Conventional hydroelectric plants, the turbines that generate electricity are turned by falling water. Some conventional plants store water in reservoirs behind dams, controlling its release to generate predictable electric power (and often providing drinking water, irrigation, flood control or navigation as well). Other plants (called “run-of-river” facilities) simply take advantage of an elevation drop in free-flowing water, incorporating little or no water storage.
- Unlike conventional hydropower facilities, which require either a dam or a stream elevation drop to produce energy, newer in-stream or hydrokinetic systems place turbines below the surface of moving water — in tidal flows, rivers, canals and even wastewater treatment plants.
- Tidal in-stream hydrokinetic systems use pivoting turbines that capture energy for the majority of the day regardless of which way the tide flows. These systems are most productive in strong, fast currents, such as are found at the entrances to bays or in “narrows” between land masses. Inland hydrokinetic projects, on the other hand, use fixed turbines to provide round-the-clock electricity whenever streams are flowing.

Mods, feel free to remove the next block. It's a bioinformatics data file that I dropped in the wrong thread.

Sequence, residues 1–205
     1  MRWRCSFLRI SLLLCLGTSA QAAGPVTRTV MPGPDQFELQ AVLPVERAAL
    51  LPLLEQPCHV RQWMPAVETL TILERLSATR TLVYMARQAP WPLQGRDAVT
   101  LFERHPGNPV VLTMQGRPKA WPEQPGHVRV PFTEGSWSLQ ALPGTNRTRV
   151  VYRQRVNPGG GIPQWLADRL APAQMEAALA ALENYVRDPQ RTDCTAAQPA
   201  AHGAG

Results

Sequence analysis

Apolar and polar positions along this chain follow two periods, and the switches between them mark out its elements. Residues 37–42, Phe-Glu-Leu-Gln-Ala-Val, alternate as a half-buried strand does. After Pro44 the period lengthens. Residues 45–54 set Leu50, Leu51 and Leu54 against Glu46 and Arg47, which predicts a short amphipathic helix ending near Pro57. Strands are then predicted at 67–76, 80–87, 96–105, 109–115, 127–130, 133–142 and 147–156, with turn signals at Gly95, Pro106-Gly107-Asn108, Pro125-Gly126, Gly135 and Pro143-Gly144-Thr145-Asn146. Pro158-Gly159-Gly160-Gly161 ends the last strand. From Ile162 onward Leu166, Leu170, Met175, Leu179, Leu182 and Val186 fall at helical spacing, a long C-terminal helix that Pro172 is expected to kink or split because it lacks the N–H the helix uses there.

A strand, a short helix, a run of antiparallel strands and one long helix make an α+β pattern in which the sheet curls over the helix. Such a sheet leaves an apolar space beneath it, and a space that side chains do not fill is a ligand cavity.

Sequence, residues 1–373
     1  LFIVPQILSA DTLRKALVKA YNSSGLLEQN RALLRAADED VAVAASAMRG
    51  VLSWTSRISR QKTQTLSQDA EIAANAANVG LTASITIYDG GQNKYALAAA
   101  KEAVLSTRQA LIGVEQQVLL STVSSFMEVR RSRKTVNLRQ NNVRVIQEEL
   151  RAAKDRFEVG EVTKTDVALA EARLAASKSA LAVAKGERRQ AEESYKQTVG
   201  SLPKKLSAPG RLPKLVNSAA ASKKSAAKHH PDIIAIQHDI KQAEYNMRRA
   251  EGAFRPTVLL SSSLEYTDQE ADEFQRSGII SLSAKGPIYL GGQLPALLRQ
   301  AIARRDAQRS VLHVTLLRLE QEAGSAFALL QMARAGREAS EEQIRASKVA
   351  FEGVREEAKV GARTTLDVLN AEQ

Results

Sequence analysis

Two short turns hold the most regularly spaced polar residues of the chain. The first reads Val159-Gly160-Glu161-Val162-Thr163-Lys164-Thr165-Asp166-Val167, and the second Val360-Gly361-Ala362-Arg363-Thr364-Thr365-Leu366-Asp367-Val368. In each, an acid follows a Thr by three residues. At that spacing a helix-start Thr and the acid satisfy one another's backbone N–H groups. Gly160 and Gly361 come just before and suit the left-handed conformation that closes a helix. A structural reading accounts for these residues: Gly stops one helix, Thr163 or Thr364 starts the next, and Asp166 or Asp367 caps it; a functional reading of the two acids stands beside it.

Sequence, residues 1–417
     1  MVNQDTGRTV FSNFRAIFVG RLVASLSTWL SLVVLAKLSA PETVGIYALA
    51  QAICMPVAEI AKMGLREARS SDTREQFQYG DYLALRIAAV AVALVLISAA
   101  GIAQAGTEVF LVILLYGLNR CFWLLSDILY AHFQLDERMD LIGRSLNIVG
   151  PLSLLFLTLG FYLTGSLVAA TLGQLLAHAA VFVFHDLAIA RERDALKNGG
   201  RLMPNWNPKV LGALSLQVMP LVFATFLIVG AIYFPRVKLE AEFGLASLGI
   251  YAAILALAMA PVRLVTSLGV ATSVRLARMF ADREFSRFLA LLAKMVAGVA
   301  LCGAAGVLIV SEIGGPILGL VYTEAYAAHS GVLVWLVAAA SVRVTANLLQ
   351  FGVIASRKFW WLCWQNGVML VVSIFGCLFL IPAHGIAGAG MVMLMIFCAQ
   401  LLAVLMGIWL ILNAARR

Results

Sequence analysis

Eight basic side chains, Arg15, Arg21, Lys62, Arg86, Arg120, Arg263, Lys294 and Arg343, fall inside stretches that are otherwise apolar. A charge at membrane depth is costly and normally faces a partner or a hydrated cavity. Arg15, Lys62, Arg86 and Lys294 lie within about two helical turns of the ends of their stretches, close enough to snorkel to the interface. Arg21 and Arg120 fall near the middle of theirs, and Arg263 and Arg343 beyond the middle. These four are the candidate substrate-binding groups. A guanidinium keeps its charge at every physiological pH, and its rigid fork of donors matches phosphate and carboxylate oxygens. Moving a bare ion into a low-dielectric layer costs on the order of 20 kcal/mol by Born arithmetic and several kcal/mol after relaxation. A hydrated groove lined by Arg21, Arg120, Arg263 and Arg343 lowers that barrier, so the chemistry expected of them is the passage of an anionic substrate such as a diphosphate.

- While hydrokinetic energy is not yet operating at commercial scale, research, development, and demonstration are well along. In New York, new tidal kinetic hydropower technology installed in New York City’s East River was recently connected to the electric grid, and a proposal now under development would test the feasibility of hydrokinetic generation in the Niagara River.
Pumped Storage Systems
- Pumped storage hydroelectricity is the largest-capacity form of grid energy storage currently available. Pumped-storage units located at Blenheim-Gilboa and Niagara Falls-Lewiston use inexpensive off-peak electricity to pump water to a high elevation, from which it is released to generate power during times of peak demand. Pumped storage facilities use more power for pumping than they generate during operation, but the electricity they produce helps to balance power grid loads and reduce the total cost of electric power